The nation's biggest corporations are closely linked by directors who serve on one another's boards of directors or who serve together on the boards of a third company, a massive study released yesterday by the Senate Governmental Affairs Committee concludes.
Among the nation's 130 largest corporations - which control $1 trillion in assets, about a quarter of all corporate holdings - the study found 530 direct interlocks, where a director of one company sat on another's board, and 12,193 indirect interlocks.
The 1,000-page study, which lists the so-called interlocking directorates for each of the 130 companies in the study, said that when directors serve on each others boards or together on another company's board, potential for antitrust abuse exists.
The study contends that concentrating control in a few hands develops the possibility of business power elite and increases the likelihood of "common action . . . and a consequent elimination of competition."
However, the Senate study makes no allegations of any abuses arising from interlocking directorates nor was the study endorsed by the committee, but merely transmitted to all members by its chairman, Sen. Abraham A. Ribicoff (D-Conn.).
The study recommends that any officer or director of a company with $1 billion or more in sales or assets be prohibited "from being an officer or director of any other company of a similar size," whether or not the companies are in the same line of business.
Although the staff study said such a proposal is "harsh," the companies with "the closest directorate ties are the industry leaders with over $1 billion in sales or assets, and it is at this level that the potentials for abuse reach their intensity on a national scale and the impact on corporate policies can be the most severe."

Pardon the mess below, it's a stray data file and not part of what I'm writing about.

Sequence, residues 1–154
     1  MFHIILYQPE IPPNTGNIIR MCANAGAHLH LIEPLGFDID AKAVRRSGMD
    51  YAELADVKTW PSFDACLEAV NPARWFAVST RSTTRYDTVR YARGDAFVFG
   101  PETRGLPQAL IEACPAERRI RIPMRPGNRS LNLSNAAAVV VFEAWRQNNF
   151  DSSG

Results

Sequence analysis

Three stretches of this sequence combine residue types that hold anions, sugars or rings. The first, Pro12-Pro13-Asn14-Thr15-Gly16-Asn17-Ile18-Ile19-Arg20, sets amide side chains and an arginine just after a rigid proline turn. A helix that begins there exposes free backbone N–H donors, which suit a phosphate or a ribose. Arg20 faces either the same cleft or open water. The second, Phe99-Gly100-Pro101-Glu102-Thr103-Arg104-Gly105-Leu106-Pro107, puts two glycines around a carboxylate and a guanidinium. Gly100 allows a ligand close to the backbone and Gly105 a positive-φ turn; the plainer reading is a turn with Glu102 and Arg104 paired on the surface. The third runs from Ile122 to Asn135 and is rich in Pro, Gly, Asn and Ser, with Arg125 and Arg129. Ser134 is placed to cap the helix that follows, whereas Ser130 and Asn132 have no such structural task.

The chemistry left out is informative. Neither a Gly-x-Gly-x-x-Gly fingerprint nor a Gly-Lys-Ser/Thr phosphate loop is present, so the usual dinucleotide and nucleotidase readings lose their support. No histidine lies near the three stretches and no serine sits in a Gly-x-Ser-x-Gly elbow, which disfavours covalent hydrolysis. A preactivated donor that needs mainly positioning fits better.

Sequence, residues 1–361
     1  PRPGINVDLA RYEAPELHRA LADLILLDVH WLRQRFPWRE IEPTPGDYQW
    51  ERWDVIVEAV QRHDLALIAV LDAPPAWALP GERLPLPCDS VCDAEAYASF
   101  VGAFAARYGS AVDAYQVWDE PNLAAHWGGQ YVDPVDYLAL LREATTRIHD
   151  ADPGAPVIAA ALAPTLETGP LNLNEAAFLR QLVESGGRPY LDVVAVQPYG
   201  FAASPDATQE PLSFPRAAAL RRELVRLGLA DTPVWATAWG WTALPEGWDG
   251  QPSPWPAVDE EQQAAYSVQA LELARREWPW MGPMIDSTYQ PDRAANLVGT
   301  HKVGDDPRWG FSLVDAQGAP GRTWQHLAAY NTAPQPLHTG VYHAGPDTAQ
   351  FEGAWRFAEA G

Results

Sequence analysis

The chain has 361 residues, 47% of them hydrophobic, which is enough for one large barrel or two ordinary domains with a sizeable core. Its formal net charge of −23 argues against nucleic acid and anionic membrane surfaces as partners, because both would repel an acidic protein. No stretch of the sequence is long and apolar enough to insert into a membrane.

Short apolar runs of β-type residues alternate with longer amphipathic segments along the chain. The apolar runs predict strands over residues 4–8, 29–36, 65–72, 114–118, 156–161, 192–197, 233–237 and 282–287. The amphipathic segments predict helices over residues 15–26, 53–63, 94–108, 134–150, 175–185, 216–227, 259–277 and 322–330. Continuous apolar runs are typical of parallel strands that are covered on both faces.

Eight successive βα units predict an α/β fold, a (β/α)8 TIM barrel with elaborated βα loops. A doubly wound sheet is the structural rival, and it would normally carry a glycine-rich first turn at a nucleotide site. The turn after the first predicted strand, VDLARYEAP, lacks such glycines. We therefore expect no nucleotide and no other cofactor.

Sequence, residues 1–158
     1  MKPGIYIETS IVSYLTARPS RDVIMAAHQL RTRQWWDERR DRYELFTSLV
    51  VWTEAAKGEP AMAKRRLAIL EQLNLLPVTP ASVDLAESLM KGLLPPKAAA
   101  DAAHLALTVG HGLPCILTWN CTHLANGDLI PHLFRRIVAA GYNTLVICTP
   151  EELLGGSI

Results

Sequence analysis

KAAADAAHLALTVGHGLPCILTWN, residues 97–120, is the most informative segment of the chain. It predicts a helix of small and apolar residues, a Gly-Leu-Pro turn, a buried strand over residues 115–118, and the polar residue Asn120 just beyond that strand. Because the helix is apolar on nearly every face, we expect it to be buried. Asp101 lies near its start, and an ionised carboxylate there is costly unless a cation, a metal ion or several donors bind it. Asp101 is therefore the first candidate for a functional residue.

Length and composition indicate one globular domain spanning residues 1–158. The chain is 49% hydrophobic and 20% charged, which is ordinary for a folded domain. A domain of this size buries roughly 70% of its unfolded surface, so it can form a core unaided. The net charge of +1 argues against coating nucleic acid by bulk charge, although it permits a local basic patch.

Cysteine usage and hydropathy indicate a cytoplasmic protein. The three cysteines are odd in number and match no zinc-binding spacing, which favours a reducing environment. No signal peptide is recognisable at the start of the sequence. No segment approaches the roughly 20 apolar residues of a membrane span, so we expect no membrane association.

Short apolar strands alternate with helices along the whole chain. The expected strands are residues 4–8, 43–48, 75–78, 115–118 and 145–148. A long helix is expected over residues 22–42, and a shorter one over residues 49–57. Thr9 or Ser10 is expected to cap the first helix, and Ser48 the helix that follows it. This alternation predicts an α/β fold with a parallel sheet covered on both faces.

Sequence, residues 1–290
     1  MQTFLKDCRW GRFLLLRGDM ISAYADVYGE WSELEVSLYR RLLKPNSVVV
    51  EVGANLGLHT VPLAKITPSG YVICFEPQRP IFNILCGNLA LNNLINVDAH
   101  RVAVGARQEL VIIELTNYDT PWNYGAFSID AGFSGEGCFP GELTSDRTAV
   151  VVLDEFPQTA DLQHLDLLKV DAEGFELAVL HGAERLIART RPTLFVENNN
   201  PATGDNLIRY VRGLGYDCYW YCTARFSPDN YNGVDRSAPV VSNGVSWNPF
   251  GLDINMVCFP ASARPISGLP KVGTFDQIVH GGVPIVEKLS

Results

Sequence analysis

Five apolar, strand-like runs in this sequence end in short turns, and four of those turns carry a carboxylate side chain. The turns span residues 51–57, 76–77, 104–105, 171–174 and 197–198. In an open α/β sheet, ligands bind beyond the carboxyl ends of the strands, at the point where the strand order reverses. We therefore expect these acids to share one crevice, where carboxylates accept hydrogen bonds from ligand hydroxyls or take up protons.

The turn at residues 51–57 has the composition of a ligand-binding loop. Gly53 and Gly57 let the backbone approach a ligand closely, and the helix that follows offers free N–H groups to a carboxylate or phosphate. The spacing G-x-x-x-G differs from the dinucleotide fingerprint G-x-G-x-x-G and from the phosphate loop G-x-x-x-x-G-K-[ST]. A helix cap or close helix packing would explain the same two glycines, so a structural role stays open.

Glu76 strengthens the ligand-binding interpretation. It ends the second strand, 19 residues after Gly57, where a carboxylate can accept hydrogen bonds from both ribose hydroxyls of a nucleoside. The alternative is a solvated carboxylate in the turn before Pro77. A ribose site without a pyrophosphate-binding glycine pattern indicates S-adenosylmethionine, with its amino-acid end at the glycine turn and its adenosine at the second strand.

Companies like to have experienced major businessmen as their "outside" directors (those who are not members of a company's management) because these businessmen know how to run large companies and can set policy intelligently for the companies on whose boards they serve.
The study charged that "the interlocking directorate can be both good business for corporations and bad business for the public."
The study, based on 1976 data, found that 123 of the 130 largest companies "connected on average with half of the other major companies in the study." The committee report did not examine interlocks between these companies and a smaller company.
The companies in the study included the 30 largest industrial companies, the 20 biggest banks, the 10 largest life insurance companies, the 10 biggest diversified financial companies, the 20 largest utilities, the 20 largest transportation companies and the 10 largest retailers. The three major broadcasting companies and seven investment advisory companies were also included.
According to the Senate staff study, the major competitors in the fields of automobile manufacturing oil and other energy, telecommunications and retailing "met extensively on boards of America's largest financial institutions, corporate customers and suppliers.
"For instance, in 1976, directors of General Motors interlocked with directors of Chrysler on the boards of (American Telephone & Telegraph), Chase Manhattan, National Detroit Corp. . . . and the New York Stock Exchange.
"General Motors connected with Ford on the boards of Citicorp, J. P. Morgan and Procter & Gamble."
AT&T, the nation's largest corporation, had 31 direct and 625 indirect interlocks that reached 93 of the 130 companies in the study, which contains page after page of computerized printouts of companies, directors and the relationships between them.
The country's biggest energy company, Exxon, "indirectly interlocked with its competitors as follows: Atlantic Richfield (four times), Mobil (six times), Shell (once), Standard of California (six times). Standard of Indiana (twice) and Texaco (twice).
Each of the 13 biggest companies, which control about $400 billion in assets, reached an average of 70 percent of the 130 giant corporations "through a total of 240 direct and 5,547 indirect interlocks." This figure is probably low because the subsidiaries of the 13 firms were not included. The biggest companies were AT&T. BankAmerica, Citicorp, Chase Manhattan, Prudential, Metropolitan Life, Exxon, Manufacturers Hanover, J. P. Morgan, General Motors, Mobil, Texaco and Ford.